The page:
While having dinner with several friends last week, the subject of job interview preparation came up. I had helped two of the people at the table ramp up for job interviews by role-playing an interview with each. Another friend politely questioned the worth of such practice stating that he didn’t see how an interview role-play could help. Why prepare for questions that you may never be asked? He was right; simply having a pat answer to any particular question wouldn’t be a lot of good. But that’s not why you should role-play the interview.
What can’t be Learned
Last Friday I role-played an interview with a friend. We spent 40 minutes in the session. I asked no questions about the specifics of the job. I’m not an expert in his field. I assumed he was qualified for the position. I didn’t particularly ask questions that I expected him to be asked in the actual interview. I asked categories of questions all having to do with cultural fit, work preferences, and character traits.
What can be Learned
I used a basic character based interview form, Pre-Selection Interview. The key was to ask open-ended follow-up questions. Here’s what we learned.
- Facial Expressions – He made good eye contact during the entire interview. His facial expressions were real, relaxed, and calm; however, he didn’t smile once.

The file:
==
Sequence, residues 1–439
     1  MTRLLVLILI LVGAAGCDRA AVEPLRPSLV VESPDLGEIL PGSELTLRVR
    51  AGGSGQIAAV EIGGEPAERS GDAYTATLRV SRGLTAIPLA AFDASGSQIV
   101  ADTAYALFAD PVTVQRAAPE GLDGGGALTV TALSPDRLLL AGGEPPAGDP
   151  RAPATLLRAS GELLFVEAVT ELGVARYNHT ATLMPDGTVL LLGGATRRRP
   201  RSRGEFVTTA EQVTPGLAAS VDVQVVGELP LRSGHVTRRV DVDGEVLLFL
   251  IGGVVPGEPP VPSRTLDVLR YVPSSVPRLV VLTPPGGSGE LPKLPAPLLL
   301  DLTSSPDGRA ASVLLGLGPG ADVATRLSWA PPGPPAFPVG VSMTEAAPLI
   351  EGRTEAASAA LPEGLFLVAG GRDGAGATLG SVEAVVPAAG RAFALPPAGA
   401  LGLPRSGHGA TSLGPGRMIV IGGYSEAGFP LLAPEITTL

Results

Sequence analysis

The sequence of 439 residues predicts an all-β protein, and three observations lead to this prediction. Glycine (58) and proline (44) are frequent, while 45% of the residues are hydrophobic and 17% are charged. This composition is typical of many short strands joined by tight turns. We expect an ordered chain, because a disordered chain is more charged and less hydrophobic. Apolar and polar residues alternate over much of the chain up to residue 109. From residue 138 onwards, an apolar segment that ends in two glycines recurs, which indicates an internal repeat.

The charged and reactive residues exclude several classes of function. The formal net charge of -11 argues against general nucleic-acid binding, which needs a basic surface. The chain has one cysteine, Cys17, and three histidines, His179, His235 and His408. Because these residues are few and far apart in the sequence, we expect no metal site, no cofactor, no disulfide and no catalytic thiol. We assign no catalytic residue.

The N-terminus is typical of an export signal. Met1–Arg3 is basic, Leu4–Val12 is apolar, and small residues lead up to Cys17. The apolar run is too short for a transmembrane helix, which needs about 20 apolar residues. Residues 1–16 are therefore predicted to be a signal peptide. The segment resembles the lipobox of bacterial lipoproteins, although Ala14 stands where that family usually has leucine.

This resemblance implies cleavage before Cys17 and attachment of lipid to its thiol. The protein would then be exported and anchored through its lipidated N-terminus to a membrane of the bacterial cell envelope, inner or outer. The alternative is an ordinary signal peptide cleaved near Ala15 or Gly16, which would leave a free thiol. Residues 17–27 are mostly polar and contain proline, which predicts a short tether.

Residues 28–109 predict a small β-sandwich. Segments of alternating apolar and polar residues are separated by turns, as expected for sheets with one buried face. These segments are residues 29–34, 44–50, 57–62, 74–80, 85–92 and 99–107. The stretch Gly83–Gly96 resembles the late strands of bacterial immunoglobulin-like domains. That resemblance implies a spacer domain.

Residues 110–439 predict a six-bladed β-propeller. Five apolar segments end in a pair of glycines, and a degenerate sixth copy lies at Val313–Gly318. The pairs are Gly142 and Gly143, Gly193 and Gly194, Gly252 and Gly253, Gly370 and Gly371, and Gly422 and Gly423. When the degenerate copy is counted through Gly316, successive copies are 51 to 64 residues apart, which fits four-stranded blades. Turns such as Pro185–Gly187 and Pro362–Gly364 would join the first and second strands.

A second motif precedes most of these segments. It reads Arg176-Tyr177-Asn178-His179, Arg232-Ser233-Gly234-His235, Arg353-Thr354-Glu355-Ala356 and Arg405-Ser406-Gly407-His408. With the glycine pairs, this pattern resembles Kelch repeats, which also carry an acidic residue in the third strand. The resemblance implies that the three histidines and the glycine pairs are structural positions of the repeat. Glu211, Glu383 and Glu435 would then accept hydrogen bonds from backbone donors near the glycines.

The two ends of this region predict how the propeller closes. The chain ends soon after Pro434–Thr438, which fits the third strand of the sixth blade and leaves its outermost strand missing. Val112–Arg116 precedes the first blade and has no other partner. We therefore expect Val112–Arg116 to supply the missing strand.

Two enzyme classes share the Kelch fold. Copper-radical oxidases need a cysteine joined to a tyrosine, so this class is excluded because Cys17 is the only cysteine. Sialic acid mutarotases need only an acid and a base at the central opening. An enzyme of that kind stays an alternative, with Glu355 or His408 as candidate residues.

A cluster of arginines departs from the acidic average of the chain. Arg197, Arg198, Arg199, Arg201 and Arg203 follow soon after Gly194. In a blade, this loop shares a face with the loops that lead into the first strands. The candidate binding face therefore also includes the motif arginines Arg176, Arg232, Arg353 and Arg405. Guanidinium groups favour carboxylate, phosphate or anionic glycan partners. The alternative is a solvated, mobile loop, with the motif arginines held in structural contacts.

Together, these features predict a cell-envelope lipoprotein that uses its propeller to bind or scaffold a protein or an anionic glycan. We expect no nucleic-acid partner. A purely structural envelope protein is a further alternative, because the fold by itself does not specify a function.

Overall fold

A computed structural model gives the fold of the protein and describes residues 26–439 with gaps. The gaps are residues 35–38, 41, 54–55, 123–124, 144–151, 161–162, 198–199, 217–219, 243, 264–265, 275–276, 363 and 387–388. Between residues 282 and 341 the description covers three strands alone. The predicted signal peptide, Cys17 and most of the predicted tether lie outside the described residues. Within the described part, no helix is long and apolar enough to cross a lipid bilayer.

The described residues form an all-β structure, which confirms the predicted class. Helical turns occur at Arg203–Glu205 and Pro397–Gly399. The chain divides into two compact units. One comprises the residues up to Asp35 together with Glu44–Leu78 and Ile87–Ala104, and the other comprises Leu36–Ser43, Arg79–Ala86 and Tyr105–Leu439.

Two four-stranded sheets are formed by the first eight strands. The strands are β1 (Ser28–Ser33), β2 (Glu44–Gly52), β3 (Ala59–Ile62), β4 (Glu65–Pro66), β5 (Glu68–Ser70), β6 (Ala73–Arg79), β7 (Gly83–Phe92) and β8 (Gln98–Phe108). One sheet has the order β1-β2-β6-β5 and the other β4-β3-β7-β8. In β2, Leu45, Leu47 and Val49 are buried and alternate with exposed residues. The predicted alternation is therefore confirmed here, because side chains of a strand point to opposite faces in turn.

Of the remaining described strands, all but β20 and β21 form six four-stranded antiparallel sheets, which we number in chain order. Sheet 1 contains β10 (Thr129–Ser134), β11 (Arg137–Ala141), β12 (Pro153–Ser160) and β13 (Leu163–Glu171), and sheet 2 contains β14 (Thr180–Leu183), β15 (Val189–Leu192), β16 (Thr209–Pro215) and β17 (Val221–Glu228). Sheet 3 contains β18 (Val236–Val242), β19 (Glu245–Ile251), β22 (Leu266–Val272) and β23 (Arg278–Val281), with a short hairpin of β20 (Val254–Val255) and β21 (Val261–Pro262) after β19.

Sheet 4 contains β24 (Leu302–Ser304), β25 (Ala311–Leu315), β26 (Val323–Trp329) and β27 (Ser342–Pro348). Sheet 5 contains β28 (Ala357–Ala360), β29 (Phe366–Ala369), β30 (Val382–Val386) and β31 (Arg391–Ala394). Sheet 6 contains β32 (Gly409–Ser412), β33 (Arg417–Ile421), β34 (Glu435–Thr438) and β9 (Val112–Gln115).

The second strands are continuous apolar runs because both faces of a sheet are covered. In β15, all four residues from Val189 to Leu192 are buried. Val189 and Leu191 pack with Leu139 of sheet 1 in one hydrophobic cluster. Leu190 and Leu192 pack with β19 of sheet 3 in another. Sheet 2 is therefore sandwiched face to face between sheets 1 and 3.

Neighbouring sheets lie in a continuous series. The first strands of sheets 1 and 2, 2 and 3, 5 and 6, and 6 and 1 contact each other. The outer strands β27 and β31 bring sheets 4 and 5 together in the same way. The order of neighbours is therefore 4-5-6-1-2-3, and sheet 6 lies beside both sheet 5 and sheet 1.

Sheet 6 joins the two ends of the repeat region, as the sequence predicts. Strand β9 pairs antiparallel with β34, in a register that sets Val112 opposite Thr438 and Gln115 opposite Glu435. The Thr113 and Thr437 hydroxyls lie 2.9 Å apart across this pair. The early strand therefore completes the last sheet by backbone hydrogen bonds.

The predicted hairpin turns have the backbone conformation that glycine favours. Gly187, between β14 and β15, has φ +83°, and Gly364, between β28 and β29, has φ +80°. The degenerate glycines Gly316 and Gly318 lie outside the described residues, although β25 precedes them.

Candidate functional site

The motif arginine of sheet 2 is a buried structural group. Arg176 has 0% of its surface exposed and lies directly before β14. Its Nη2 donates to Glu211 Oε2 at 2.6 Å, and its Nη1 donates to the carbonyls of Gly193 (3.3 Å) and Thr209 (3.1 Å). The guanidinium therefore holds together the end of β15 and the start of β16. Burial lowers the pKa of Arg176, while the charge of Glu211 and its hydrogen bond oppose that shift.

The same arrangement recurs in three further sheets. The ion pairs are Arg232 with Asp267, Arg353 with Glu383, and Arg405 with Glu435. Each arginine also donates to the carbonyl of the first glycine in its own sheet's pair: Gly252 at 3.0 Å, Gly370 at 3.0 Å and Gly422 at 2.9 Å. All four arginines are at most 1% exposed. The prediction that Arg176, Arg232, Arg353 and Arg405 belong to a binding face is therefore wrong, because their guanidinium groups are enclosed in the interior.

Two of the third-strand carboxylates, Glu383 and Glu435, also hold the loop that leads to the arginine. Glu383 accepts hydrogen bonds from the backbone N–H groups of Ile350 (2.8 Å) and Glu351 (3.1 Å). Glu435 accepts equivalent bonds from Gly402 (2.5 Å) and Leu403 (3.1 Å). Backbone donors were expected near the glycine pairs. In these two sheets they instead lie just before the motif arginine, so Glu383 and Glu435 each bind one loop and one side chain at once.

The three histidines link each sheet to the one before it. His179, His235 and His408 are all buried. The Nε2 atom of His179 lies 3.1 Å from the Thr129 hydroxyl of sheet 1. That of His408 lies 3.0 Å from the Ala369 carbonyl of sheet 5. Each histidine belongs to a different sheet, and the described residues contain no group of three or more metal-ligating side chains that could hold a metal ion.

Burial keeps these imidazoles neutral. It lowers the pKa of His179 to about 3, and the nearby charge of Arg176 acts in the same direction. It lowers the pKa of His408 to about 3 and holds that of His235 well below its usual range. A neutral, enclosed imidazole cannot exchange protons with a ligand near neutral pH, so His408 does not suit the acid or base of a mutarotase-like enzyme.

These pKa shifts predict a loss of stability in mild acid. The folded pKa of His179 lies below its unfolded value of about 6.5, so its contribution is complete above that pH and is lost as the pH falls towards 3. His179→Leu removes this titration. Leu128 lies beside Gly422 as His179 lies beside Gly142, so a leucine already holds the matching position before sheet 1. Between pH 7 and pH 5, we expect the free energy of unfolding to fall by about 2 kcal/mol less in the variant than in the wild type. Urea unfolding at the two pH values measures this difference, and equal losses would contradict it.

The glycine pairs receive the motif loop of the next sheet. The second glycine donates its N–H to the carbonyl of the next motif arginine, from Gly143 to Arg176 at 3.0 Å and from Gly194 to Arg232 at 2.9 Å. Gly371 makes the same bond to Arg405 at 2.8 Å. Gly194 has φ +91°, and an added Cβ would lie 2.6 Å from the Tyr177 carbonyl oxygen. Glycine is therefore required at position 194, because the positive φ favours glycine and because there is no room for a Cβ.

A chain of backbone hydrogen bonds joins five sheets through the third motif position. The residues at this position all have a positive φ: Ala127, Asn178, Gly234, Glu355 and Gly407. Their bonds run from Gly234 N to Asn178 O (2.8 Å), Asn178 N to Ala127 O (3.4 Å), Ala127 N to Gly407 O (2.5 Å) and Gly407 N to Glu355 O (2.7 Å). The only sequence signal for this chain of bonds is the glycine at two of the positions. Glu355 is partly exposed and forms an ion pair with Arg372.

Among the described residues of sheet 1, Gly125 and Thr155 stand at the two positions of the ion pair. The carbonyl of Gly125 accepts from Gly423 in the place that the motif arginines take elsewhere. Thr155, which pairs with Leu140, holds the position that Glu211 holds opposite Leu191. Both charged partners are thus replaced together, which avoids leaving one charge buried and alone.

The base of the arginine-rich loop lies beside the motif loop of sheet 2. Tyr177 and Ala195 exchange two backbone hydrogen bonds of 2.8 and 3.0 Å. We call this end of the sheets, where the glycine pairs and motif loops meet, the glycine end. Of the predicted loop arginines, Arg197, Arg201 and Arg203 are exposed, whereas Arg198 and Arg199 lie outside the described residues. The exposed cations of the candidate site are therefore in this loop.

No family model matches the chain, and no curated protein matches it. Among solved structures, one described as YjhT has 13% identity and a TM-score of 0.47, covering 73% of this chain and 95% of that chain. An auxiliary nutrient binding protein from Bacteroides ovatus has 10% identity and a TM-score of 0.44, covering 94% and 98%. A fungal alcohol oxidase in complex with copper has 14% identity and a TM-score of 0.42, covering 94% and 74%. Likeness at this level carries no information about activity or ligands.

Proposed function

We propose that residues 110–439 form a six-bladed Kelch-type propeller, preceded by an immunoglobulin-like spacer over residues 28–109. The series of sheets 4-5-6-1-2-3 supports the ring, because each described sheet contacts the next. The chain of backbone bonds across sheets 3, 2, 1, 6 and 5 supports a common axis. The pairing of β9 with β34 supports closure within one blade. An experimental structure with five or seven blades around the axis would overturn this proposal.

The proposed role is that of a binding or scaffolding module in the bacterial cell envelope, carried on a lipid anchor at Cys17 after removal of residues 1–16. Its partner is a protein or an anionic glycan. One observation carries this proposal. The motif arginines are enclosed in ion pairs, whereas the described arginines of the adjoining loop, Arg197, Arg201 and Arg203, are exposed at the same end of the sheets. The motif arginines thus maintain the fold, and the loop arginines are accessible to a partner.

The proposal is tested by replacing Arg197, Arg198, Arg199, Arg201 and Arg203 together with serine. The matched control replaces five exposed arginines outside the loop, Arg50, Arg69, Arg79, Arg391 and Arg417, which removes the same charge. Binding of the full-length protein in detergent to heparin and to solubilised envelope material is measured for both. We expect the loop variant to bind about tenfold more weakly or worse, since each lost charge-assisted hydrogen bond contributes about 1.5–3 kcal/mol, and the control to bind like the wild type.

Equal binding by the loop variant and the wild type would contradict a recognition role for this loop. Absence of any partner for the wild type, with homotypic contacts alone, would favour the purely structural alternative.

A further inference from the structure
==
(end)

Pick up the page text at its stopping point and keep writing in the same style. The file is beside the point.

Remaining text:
- Voice – Throughout the process he answered using lowered inflection, which denotes confidence and assurance as opposed to rising inflection, which communicates the opposite.
- Appearance – He was neat, clean, and professional. It may be best to ask the company about dress code or visit before the actual interview to view company dress standards.
- Attitude and Demeanor – We discovered he had a tendency to answer questions negatively that could be answered in a positive manner. For example, instead of listing what he didn’t like at work, put it in favorable terms by explaining what he liked. This isn’t always possible or appropriate, but when it is, it can set the tone of the interview.
- Body language – His body language, like his facial expressions, was confident and open. He faced me with open arms and good posture.
Who should role-play the part of the interviewer?
The optimum would be someone trained in the process, human resource specialists, or managers that have experience in interviewing. If none of those are available, ask a friend to lead you with several questions, and make notes regarding the five points listed above.
Should you practice interviewing?
If you’re in the job market the answer is yes, but not because you’ll have all the answers. You should role-play the interview because you may discover something as simple as not smiling, lack of eye-contact, or defensive body language. You may learn you have tendencies when answering questions that may not be in your best interest. Have you ever role-played an interview? Did it help?